Researchers at the Fraunhofer Henrich Hertz Institute have developed a LiFi prototype that is capable of 3 Gb/s in laboratory settings.
A team of researchers at the Fraunhofer Henrich Hertz Institute (HHI) in Germany has developed a Visible Light Communications (VLC) or LiFi system that while using conventional LEDs has successfully transmitted data at 3 Gb/s in a laboratory environment and 500 Mb/s under "less-than-optimal atmospheric conditions" during a trade fair.
For those who haven't come across it before, VLC functions in a similar manner to WiFi except that it oscillates an LED instead of a WiFi transmitter and transmits light instead of microwave radiation.
LiFi holds immense potential, because it can turn virtually any LED lamp into a network connection. Since it operates in the hundreds of terrahertz range, it avoids the "wireless spectrum crunch" and its associated licensing problems. The latter aspect will also allow it to be used in areas where there's extensive RF noise or in locations where RF noise is prohibited, such as hospitals.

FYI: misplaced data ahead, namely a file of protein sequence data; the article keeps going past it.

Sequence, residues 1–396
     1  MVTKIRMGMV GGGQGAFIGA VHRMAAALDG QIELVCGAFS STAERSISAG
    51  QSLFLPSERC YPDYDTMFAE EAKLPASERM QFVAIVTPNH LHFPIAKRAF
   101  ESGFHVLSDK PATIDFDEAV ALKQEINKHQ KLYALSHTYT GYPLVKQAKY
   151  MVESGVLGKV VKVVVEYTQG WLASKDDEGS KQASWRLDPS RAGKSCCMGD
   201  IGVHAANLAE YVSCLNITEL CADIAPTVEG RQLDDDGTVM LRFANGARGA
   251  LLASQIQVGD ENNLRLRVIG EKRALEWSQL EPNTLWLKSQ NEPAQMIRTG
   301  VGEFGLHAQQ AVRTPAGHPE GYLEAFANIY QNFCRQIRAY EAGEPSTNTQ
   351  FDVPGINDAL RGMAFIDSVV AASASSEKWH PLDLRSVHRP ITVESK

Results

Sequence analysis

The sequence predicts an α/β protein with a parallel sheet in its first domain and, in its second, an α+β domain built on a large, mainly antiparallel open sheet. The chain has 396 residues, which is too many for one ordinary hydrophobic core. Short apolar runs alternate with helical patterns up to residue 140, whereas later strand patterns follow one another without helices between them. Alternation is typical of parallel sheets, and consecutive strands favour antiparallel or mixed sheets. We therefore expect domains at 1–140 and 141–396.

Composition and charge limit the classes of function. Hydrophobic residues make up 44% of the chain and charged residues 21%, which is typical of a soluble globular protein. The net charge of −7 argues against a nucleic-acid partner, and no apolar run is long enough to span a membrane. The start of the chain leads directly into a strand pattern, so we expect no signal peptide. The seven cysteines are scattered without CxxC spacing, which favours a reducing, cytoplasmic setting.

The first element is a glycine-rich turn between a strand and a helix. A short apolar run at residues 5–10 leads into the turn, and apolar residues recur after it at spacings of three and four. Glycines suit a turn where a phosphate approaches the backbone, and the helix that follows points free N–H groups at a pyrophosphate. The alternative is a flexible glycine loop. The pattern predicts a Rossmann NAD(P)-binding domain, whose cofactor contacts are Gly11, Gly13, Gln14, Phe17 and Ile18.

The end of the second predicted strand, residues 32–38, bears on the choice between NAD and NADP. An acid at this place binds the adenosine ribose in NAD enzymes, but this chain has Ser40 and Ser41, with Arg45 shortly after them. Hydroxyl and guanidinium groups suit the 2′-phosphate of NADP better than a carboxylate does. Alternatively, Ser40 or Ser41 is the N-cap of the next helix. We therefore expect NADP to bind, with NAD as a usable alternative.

As one would expect with any technology, LiFi is not yet commercially viable, as there are no known roadmaps or plans to bring LiFi equipped devices to market. Development seems thus far limited to a handful of research groups and startups. This being said, the technology's versatility and obvious application mean that we're inclined to agree with Extreme Tech's Sebastian Anthony that it is "just a matter of time until LiFi becomes a reality."